'Dude Bro Party Massacre III' Enlists Andrew W.K. for "Bizarre" Slasher Film Send-Up
In Dude Bro Party Massacre III, the tables are turned on typical gender configurations in horror, with the film's monster killing not screaming teenage girls but clueless frat bros.
Oh, and there's no Dude Bro Party Massacre or Dude Bro Party Massacre II.
Heat Vision breakdown
The title is one of the film's many winks to the slasher genre. "We wanted it to be a love letter from a crazy ex to the horror genre," says Michael Rousselet, who with Tomm Jacobsen and Jon Salmon directed the film, which premiered weeks ago at the Los Angeles Film Festival.
Rousselet, Jacobsen and Salmon work together on 5 Second Films, a comedy website that specializes in exactly what the name suggests. Dude Bro Party Massacre III first was one of their five-second shorts. Then, with positive viewer reception, they produced a fake trailer. "We had no intention of making it a feature film," says Rousselet, but with more viewer encouragement, they finally launched a Kickstarter for the project and raised $241,071, with donations then matched by horror producers Keith and Jessica Calder (You're Next, The Guest).
They brought in the entire 5 Second Films team to write the script. "We wanted it to be like a B-movie, chaotic and bizarre. So we divided our scenes among the staff but told them they weren't allowed to communicate with each other about what they were writing," says Rousselet. They had Alec Owen compile the scenes, comparing his role to a showrunner's, then went into the woods of Big Bear, California to film.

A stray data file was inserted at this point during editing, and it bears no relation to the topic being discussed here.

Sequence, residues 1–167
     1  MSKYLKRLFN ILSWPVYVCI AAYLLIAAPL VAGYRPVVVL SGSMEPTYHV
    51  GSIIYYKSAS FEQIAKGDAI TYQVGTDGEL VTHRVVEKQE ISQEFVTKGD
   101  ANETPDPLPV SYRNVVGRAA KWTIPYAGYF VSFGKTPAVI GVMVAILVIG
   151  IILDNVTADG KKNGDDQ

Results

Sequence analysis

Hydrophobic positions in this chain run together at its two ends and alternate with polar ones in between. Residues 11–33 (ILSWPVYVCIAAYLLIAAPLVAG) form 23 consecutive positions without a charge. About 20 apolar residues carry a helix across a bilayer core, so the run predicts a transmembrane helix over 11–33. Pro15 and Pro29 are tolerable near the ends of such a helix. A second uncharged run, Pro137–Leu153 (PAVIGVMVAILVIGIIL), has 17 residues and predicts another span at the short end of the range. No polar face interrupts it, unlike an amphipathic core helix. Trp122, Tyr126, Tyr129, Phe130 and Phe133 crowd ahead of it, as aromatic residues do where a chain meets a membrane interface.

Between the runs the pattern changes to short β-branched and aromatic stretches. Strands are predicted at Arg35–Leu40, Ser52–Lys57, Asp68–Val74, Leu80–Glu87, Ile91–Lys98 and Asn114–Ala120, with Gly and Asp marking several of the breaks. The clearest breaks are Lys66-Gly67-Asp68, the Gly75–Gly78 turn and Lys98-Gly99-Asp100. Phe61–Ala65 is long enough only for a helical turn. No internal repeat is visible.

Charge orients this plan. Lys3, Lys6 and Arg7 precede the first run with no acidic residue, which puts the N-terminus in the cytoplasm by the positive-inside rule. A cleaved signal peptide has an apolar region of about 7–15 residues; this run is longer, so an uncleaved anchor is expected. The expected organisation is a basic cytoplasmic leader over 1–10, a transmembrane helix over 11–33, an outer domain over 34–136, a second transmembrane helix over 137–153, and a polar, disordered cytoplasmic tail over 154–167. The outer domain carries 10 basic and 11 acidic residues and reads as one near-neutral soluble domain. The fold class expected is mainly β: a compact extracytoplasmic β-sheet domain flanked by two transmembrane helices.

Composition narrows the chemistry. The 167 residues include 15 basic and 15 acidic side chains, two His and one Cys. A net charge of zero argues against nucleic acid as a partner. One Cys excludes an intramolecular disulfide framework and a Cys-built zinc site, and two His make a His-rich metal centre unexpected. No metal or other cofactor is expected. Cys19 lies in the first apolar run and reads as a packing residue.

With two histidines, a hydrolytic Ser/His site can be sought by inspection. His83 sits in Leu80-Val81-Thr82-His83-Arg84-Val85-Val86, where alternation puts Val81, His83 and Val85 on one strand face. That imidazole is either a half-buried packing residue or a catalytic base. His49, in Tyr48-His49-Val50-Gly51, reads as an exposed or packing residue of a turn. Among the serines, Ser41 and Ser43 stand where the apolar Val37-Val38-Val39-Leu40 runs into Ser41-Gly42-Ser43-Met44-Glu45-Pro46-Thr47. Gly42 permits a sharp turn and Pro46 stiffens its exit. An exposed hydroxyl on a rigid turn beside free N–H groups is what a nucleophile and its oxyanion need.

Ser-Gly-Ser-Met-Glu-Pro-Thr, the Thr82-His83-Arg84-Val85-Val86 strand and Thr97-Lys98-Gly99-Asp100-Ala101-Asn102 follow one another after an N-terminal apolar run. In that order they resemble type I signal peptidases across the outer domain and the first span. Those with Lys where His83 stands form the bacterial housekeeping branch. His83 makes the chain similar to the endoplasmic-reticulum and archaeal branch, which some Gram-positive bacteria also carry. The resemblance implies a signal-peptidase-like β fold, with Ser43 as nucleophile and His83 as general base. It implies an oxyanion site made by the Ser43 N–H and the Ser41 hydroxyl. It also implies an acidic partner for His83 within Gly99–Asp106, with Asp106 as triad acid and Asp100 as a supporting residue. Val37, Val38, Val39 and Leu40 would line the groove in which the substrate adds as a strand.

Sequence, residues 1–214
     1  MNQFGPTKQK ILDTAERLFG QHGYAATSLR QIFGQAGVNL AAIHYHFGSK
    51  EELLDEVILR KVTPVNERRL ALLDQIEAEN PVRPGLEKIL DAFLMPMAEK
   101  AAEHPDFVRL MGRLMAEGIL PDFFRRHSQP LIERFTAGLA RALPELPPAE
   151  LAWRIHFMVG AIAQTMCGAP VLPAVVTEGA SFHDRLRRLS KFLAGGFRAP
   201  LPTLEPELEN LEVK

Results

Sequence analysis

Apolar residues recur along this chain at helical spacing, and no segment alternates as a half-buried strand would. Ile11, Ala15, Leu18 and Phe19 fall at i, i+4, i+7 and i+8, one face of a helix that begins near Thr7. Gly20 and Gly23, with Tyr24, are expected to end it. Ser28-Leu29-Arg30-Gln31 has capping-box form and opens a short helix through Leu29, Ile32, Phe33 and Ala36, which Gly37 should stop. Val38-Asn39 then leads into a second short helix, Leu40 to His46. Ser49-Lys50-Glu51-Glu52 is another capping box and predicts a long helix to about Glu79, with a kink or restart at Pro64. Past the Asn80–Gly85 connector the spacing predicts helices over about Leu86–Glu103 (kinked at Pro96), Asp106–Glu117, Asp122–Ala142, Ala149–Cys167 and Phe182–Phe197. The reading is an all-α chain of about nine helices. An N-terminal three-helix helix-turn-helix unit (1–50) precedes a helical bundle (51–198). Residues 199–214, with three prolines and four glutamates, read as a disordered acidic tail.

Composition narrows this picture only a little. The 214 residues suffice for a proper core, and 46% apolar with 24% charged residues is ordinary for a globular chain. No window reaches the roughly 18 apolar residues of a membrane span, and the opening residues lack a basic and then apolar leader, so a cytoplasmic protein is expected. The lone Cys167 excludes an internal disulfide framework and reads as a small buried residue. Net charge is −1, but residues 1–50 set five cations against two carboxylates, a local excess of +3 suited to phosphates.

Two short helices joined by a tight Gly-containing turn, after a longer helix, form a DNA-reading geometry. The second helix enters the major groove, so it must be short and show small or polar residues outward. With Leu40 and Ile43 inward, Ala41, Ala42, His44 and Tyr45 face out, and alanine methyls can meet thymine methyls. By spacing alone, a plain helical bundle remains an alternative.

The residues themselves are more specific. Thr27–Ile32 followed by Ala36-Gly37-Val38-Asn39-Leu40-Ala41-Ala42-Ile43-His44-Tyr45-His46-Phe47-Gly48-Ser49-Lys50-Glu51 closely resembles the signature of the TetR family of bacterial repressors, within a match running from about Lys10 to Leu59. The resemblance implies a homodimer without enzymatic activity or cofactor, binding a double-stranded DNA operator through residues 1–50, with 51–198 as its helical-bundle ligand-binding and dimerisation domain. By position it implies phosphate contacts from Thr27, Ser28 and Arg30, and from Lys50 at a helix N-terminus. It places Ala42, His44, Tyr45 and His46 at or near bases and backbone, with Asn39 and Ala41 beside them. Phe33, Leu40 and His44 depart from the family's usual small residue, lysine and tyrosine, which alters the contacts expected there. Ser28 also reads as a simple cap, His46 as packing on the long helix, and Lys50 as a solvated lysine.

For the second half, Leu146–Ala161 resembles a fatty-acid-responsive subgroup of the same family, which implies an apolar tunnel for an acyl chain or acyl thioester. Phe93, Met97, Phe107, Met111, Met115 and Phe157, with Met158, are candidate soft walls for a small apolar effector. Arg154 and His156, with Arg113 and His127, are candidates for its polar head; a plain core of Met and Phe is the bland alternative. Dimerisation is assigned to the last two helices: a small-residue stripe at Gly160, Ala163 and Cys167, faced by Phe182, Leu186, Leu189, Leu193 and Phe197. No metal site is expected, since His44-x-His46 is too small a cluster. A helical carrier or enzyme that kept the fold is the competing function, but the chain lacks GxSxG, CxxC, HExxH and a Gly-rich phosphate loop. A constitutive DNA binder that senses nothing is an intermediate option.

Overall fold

"We filmed it with the imagery of a lot of cheap VHS slashers, but with the rhythm and pacing of a Zucker brothers comedy," says Salmon. "It's not really trying to scare you. It’s trying to make you laugh."
Following the premiere at LAFF, the filmmakers will release Dude Bro Party Massacre III on iTunes and on the film’s website July 7. In addition to the VOD release, they're planning screening events in theaters around the country and via streaming on the website.
The Hollywood Reporter exclusively debuts a clip in which the bros enter a wooded cabin and are confronted by a shadowy figure ... only for the specter to be introduced (via eye-popping graphics!) as Ripstick (played by musician, advice columnist and all-around party philosopher Andrew W.K.) He’s an "older bro who parties with the guys and then leaves, never to be heard from again," says Jacobsen. "It just kind of made us giggle."
Adds Jacobsen, "How can you make a movie with 'party' in the title and not include Andrew?"
While they continue to produce shorts, the 5 Second Films team plans on returning to features. Says Jacobsen, "As tiring and sweaty and covered in blood as we all got, I wouldn’t change a thing."
by Scott Johnson
by Rick Porter